Markets worry about central banks

IN JANE AUSTEN’S novel, “Sense and Sensibility”, Henry Dashwood’s death plunges his wife and two daughters, Elinor and Marianne, into financial distress, because his heir grants them only a meagre allowance. Bond-market investors have started to worry that something similar is about to happen to them.

Since 2009 central banks have been incredibly supportive of the financial markets—keeping short-term interest rates at historic lows and buying trillions of dollars worth of bonds. But in recent weeks, several of them have been hinting at reducing their largesse.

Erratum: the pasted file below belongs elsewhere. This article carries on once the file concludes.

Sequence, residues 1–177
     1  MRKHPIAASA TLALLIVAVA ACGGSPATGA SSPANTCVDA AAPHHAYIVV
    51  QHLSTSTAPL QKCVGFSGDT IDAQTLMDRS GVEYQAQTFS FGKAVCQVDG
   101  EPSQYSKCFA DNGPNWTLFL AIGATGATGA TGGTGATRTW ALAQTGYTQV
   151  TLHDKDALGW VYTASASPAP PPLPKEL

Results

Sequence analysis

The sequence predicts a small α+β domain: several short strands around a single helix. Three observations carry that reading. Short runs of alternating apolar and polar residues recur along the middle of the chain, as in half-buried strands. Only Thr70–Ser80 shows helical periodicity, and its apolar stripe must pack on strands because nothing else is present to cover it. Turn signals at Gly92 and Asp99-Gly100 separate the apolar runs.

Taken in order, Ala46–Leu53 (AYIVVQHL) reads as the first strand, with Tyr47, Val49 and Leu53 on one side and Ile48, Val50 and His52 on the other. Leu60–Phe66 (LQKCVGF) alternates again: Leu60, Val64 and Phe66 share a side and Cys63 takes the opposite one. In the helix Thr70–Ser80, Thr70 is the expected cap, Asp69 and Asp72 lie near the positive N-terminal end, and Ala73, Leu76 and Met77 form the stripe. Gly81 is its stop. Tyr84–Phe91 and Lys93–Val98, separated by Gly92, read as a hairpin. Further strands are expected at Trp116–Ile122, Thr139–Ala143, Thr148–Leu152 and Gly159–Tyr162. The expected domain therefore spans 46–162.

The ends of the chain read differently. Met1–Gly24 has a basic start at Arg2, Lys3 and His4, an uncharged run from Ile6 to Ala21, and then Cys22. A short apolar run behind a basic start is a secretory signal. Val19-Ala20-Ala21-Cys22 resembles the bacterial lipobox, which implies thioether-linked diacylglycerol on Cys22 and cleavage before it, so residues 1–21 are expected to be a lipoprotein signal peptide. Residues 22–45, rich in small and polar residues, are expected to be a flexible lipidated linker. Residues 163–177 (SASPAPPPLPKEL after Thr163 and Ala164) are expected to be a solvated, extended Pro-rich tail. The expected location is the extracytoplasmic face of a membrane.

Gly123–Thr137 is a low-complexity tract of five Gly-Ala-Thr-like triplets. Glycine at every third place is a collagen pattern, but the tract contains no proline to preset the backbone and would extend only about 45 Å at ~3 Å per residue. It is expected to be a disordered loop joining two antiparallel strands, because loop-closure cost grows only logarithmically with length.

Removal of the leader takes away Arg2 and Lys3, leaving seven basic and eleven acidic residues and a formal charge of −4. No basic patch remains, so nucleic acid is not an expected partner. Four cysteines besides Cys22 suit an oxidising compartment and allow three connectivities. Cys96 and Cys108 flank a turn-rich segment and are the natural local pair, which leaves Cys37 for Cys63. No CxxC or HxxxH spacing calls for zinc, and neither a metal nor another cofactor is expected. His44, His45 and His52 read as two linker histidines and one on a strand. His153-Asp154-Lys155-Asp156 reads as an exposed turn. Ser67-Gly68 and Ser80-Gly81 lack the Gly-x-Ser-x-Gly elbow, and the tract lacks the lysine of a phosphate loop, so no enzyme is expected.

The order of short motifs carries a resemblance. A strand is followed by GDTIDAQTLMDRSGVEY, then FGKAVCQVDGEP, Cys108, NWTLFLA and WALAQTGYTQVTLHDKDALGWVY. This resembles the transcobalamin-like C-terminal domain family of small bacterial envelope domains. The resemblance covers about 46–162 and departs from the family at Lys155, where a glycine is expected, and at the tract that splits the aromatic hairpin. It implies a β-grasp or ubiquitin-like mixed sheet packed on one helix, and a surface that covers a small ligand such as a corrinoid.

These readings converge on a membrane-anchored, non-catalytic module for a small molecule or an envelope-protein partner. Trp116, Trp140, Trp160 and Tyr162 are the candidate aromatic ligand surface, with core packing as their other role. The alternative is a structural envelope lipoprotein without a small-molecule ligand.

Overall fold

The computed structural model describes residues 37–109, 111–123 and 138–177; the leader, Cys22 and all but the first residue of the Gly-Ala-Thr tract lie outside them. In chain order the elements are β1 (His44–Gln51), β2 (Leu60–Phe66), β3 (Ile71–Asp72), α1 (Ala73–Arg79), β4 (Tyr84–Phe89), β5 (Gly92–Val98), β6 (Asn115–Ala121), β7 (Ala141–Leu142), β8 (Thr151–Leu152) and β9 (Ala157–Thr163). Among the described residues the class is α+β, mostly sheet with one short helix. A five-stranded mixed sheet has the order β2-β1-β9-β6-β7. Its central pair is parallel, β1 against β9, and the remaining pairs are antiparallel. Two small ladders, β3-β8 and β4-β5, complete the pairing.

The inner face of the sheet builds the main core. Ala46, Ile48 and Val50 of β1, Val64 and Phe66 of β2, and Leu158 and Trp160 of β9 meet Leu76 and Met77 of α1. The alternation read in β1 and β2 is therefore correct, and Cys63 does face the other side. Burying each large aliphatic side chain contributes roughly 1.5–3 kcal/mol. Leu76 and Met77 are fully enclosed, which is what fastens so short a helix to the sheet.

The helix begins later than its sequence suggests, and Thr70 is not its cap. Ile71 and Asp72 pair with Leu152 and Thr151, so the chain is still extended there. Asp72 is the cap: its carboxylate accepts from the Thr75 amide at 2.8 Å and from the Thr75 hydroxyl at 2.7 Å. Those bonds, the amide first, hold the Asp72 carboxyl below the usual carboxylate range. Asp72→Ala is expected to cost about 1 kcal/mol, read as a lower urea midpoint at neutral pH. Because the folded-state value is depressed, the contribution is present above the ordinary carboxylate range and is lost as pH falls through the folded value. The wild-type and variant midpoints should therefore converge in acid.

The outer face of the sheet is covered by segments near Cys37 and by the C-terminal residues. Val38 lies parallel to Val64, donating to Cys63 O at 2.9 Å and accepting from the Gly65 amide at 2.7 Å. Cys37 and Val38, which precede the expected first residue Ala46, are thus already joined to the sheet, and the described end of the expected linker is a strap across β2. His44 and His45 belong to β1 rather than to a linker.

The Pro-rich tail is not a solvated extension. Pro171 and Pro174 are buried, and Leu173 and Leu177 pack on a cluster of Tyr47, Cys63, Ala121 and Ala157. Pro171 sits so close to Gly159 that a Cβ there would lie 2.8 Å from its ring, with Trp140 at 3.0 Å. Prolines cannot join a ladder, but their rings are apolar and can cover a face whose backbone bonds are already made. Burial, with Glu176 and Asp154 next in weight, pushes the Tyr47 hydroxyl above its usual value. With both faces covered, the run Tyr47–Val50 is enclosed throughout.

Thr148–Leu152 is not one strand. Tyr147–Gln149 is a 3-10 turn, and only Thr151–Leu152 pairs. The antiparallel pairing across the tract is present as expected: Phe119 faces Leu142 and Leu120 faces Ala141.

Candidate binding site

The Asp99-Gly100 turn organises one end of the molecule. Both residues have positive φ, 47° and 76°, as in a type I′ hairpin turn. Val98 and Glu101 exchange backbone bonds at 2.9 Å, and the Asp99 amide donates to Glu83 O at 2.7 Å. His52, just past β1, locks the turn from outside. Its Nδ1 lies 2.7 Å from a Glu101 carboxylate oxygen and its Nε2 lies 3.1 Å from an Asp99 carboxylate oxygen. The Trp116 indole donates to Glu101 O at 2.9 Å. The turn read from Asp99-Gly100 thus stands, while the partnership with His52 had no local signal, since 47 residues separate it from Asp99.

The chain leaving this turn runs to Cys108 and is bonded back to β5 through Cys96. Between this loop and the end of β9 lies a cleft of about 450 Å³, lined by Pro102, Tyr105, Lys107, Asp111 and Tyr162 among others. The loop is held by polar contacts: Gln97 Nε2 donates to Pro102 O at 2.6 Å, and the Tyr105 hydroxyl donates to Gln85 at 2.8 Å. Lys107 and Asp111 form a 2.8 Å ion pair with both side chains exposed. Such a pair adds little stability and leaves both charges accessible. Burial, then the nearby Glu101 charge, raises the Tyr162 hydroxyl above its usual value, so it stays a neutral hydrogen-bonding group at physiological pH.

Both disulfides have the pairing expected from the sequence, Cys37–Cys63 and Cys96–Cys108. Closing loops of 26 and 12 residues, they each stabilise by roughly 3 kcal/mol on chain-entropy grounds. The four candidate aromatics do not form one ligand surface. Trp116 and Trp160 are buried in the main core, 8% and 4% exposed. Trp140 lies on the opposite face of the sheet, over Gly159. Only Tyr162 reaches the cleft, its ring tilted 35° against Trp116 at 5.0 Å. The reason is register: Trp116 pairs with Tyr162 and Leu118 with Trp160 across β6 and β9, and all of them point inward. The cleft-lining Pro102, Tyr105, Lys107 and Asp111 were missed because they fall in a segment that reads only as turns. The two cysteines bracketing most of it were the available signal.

The Federal Reserve has been slowly pushing up interest rates and has talked about reducing the size of its balance-sheet, by not reinvesting the proceeds of bonds when they mature. There have been suggestions that the Bank of Canada might push up rates when it meets on July 12th. Both Mark Carney, the governor of the Bank of England and Andrew Haldane, its chief economist, have hinted that a rate rise may be on…Continue reading

This post was originally published in the Economist.

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Markets worry about central banks

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